Homeland Security chairman suggests changes possible to Trump refugee order

Homeland Security chairman suggests changes possible to Trump refugee order
© Greg Nash

House Homeland Security Committee Chairman Michael McCaul (R-Texas) on Wednesday would not rule out using his committee to make legislative tweaks to President Donald TrumpDonald John TrumpHow to stand out in the crowd: Kirsten Gillibrand needs to find her niche Countdown clock is on for Mueller conclusions Omar: White supremacist attacks are rising because Trump publicly says 'Islam hates us' MORE’s executive order temporarily blocking travelers from seven Muslim-majority nations and suspending the resettlement of refugees in the U.S.

The GOP chairman’s comments to The Hill come just a day after Speaker Paul RyanPaul Davis RyanFormer Dem candidate says he faced cultural barriers on the campaign trail because he is working-class Former House candidate and ex-ironworker says there is 'buyer's remorse' for Trump in Midwest Head of top hedge fund association to step down MORE (R-Wis.) said he backed Trump’s executive order and seemed to suggest legislation was not needed to address bipartisan concerns about the plan.

“I think we’re going to look at both oversight and legislatively what we can do to better protect America and shut down terror pathways into the United States,” McCaul said when asked whether he planned to take up any legislative fixes in his committee. “That is the charge and mission of this committee.”

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McCaul, who advised the Trump campaign on national security issues and had been on Trump’s shortlist for Homeland Security secretary, declined to lay out specific concerns he had with the order. He’ll address them privately Thursday when he sits down with Homeland Security Secretary John Kelly, who is scheduled to appear before McCaul’s panel in a public hearing next Tuesday.

“You’re going to see a lot of that oversight take place [Tuesday] and I think the executive orders will be an obvious topic of discussion,” McCaul said.

McCaul and another Trump adviser, Rudy Giuliani, authored a white paper for the Trump campaign last fall focused on ways to stop terrorists from entering the country. But it explicitly warned against a ban on Muslims, something Trump had called for on the campaign trail.

Like many top GOP leaders on Capitol Hill, McCaul had been kept in the dark about Trump’s travel ban and did not help draft it, only learning about it Friday when he saw Trump on live television signing the order.

McCaul quickly blasted out a statement that night praising Trump’s executive order. But the chairman backtracked once the White House said the ban would include U.S. permanent residents with green cards.

“In light of the confusion and uncertainty created in the wake of the President’s Executive Order, it is clear adjustments are needed,” McCaul said in a statement days later.

Since then, Kelly has clarified that legal permanent residents will not be affected under the Trump ban.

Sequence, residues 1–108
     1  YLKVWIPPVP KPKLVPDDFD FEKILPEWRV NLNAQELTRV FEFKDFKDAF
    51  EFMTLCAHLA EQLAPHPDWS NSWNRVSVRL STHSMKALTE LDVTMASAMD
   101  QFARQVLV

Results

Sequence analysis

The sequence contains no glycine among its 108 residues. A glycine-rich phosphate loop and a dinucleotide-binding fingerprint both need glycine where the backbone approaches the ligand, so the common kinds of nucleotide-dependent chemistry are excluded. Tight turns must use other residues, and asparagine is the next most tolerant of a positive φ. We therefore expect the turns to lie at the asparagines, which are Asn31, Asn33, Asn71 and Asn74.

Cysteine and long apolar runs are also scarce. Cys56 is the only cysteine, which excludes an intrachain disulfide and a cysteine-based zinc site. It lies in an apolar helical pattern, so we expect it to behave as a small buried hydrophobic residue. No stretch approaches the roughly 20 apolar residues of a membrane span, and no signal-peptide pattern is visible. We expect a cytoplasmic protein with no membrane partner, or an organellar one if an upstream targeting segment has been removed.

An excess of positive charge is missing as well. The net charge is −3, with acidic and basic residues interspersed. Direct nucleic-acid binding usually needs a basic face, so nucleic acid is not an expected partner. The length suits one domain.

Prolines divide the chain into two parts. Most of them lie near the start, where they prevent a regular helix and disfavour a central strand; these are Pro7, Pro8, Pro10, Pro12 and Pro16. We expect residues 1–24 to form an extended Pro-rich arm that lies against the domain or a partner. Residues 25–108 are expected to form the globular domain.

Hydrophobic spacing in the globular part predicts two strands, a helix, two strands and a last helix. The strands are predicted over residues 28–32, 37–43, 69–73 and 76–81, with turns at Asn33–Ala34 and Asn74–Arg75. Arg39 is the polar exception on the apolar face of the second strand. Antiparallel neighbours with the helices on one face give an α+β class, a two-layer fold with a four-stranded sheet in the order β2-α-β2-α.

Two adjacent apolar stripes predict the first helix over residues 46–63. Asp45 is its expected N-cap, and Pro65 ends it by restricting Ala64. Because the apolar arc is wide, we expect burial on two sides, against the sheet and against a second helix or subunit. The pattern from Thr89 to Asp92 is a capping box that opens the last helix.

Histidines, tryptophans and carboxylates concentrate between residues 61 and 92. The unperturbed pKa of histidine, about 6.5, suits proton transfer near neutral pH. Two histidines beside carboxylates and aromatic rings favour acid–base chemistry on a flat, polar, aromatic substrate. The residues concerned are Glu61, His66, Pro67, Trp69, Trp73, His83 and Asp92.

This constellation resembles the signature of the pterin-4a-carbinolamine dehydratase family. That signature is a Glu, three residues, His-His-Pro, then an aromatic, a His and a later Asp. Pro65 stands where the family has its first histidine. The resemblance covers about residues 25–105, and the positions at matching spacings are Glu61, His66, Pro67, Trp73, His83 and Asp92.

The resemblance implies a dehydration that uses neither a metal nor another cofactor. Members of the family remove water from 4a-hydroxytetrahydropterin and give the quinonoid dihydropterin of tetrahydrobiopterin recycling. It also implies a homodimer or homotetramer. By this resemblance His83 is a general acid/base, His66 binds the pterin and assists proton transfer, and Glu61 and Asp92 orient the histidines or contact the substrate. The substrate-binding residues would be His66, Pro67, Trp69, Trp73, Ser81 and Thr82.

Huddling with a bipartisan group of lawmakers in the Capitol Tuesday night, Kelly defended Trump’s order and told the lawmakers that no additional changes are forthcoming.

Leaving that meeting, McCaul gave few hints about what changes he might be eying. He appeared to applaud Kelly for issuing a waiver to green-card holders. And he downplayed concerns from critics in both parties that the temporary refugee and travel bans might become permanent at the end of their allotted windows.

“It could, but I don't see any evidence of that,” McCaul said.

Mississippi Rep. Bennie Thompson, the top Democrat on the Homeland Security Committee, said he has problems with both the language and the “fuzzy” guidance that led to discrepancies in how the order was rolled out over the weekend.

“The problem that members are sharing is personal examples of what they had to contend with over the weekend, and how the lack of guidance created confusion,” he said while leaving the Kelly meeting. “If you're going to do an executive order, you need to have the guidance to go with it before you put it in the field.

“That's why what was [happening] at LAX wasn't [happening] at JFK,” he said.

Critics in both parties have raised concerns with the order, questioning whether it is constitutional and arguing it could help terrorist groups with recruitment. There have also been complaints that it could make it tougher to get Washington's Muslim allies to help with anti-terror efforts.

Some are also worried Trump’s order will become permanent policy.

“I'm worried that he's making good on all of his campaign promises,” Rep. Barbara Lee (D-Calif.) said Wednesday. “This is what he said he wanted to do. He didn't say for 90 days.”

Rep. Ileana Ros-Lehtinen (R-Fla.), a former House Foreign Affairs Committee chairwoman, shares that concern.

“I worry this temporary ban may become a permanent ban,” she told CNN. “People will say, 'Gee, we've had these 90 days, these 120 days, and we've been kept safe, so let's keep it up.' When in fact that ban and prohibition would have nothing to do with keeping us safe.”